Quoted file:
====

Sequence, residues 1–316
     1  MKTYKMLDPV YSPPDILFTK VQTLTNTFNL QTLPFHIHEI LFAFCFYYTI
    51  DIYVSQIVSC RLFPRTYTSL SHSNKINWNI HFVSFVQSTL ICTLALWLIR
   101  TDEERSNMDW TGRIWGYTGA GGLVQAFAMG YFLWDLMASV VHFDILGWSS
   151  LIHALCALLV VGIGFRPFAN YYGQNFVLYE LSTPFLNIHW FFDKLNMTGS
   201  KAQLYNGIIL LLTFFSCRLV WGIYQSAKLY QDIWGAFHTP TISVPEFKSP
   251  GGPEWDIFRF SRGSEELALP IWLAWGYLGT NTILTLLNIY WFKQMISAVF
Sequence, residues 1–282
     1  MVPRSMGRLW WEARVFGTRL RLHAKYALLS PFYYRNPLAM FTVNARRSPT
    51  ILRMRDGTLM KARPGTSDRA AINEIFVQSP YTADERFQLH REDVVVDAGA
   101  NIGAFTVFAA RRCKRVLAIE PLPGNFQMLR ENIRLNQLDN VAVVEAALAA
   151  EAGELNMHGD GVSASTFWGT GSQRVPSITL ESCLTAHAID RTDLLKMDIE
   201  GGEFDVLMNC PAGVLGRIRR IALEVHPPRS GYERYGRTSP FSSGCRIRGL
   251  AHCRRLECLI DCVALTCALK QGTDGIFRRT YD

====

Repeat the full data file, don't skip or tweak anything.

Sequence, residues 1–316
     1  MKTYKMLDPV YSPPDILFTK VQTLTNTFNL QTLPFHIHEI LFAFCFYYTI
    51  DIYVSQIVSC RLFPRTYTSL SHSNKINWNI HFVSFVQSTL ICTLALWLIR
   101  TDEERSNMDW TGRIWGYTGA GGLVQAFAMG YFLWDLMASV VHFDILGWSS
   151  LIHALCALLV VGIGFRPFAN YYGQNFVLYE LSTPFLNIHW FFDKLNMTGS
   201  KAQLYNGIIL LLTFFSCRLV WGIYQSAKLY QDIWGAFHTP TISVPEFKSP
   251  GGPEWDIFRF SRGSEELALP IWLAWGYLGT NTILTLLNIY WFKQMISAVF
Sequence, residues 1–282
     1  MVPRSMGRLW WEARVFGTRL RLHAKYALLS PFYYRNPLAM FTVNARRSPT
    51  ILRMRDGTLM KARPGTSDRA AINEIFVQSP YTADERFQLH REDVVVDAGA
   101  NIGAFTVFAA RRCKRVLAIE PLPGNFQMLR ENIRLNQLDN VAVVEAALAA
   151  EAGELNMHGD GVSASTFWGT GSQRVPSITL ESCLTAHAID RTDLLKMDIE
   201  GGEFDVLMNC PAGVLGRIRR IALEVHPPRS GYERYGRTSP FSSGCRIRGL
   251  AHCRRLECLI DCVALTCALK QGTDGIFRRT YD